The World War I poem “In Flanders Fields,” by John McCrea, inspired the Memorial Day custom of wearing red artificial poppies. In 1915, a Georgia teacher and volunteer war worker named Moina Michael began a campaign to make the poppy a symbol of tribute to veterans and for “keeping the faith with all who died.” The sale of poppies has supported the work of the Veterans of Foreign Wars.
Several Southern states continue to set aside a day for honoring the Confederate dead, which is usually called Confederate Memorial Day: Alabama: fourth Monday in April; Georgia: April 26; Louisiana: June 3; Mississippi: last Monday in April; North Carolina: May 10; South Carolina: May 10; Tennessee (Confederate Decoration Day): June 3; Texas (Confederate Heroes Day): January 19; Virginia: last Monday in May.
No question that Memorial Day is a solemn event. Still, don’t feel too guilty about doing something frivolous, like having barbecue, over the weekend. After all, you weren’t the one who instituted the Indianapolis 500 on May 30, 1911. That credit goes to Indianapolis businessman Carl Fisher. The winning driver that day was Ray Harroun, who averaged 74.6 mph and completed the race in 6 hours and 42 minutes.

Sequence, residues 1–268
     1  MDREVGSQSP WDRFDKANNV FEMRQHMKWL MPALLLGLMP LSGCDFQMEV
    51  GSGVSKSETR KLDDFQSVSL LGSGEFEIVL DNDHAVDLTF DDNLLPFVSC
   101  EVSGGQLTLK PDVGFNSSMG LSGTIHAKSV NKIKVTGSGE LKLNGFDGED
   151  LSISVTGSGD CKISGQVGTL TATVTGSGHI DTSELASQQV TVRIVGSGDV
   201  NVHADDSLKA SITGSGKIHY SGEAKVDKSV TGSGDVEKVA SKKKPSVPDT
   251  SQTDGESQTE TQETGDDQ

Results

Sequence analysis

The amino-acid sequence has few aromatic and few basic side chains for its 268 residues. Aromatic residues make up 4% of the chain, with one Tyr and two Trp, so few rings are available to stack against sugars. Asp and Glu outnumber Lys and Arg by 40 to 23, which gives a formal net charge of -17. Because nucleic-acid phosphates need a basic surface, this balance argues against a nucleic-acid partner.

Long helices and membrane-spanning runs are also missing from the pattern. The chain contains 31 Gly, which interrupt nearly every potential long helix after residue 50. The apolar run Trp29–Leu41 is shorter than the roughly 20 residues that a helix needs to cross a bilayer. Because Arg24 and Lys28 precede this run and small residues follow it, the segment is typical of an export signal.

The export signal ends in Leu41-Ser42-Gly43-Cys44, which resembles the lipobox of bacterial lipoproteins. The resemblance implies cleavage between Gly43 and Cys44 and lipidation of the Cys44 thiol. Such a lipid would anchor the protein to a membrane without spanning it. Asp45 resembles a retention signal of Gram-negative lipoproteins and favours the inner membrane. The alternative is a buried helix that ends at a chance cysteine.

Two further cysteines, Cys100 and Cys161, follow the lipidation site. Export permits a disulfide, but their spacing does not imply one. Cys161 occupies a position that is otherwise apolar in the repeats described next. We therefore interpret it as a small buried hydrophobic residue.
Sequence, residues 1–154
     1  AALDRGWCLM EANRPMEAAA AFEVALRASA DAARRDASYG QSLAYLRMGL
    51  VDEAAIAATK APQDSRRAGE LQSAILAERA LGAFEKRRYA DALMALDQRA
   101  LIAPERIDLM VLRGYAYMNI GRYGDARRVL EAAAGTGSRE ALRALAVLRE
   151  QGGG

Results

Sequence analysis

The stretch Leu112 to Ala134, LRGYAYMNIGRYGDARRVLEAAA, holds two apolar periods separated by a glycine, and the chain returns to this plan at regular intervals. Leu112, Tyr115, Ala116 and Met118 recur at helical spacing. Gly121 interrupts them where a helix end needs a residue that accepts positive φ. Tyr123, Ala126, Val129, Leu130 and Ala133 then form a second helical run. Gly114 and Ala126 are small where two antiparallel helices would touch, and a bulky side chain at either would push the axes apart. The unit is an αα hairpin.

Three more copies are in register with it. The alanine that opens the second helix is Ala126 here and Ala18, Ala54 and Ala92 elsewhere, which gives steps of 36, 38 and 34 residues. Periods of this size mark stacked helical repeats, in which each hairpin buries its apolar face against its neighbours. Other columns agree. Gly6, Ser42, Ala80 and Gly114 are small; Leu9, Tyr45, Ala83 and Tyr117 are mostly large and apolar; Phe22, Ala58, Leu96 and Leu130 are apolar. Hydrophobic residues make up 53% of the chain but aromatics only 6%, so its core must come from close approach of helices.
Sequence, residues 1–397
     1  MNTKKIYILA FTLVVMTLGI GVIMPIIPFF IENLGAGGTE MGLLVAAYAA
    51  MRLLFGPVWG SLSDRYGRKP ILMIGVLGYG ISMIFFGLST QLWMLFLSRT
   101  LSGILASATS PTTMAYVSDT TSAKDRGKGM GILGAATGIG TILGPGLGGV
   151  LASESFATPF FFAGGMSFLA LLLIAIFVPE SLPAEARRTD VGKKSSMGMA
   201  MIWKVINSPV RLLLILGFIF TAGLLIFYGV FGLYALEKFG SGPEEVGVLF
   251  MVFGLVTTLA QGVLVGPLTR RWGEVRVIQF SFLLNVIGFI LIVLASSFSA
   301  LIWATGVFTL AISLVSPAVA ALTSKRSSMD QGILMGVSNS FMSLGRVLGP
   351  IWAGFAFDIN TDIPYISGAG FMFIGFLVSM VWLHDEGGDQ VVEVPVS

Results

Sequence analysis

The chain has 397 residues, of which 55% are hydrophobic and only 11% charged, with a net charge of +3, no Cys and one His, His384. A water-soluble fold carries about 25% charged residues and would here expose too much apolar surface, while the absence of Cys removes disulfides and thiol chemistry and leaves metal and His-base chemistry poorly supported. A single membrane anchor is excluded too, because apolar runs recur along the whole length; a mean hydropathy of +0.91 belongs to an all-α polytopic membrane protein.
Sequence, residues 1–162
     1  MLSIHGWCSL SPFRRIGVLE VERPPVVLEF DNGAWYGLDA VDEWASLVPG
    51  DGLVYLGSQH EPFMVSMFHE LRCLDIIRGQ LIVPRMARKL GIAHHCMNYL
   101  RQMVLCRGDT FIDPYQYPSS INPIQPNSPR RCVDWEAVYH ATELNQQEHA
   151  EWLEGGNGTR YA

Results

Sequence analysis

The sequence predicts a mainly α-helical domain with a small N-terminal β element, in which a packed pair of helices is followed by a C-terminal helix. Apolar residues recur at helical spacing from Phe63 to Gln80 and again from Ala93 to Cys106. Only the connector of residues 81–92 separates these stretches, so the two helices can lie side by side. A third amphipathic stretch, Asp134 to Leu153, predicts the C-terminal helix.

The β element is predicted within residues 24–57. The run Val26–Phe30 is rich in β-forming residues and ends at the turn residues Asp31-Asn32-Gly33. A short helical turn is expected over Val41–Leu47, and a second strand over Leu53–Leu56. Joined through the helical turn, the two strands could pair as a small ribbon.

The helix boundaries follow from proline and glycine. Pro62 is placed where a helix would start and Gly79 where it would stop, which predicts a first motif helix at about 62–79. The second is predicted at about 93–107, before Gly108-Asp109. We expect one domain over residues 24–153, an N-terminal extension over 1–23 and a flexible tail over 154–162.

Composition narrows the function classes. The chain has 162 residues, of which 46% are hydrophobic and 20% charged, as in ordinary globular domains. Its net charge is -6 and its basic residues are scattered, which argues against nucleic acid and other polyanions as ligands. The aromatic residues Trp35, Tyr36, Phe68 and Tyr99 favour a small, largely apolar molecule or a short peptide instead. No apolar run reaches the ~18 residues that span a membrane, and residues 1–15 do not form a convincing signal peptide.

Gravitas returned on May 30, 1922, when the Lincoln Memorial was dedicated. Supreme Court chief justice (and former president) William Howard Taft dedicated the monument before a crowd of 50,000 people, segregated by race, and which included a row of Union and Confederate veterans. Also attending was Lincoln’s surviving son, Robert Todd Lincoln.
And in 2000, Congress established a National Moment of Remembrance, which asks Americans to pause for one minute at 3pm in an act of national unity. The time was chosen because 3pm “is the time when most Americans are enjoying their freedoms on the national holiday.”
David Holzel is a freelance writer. He edits The Jewish Angle.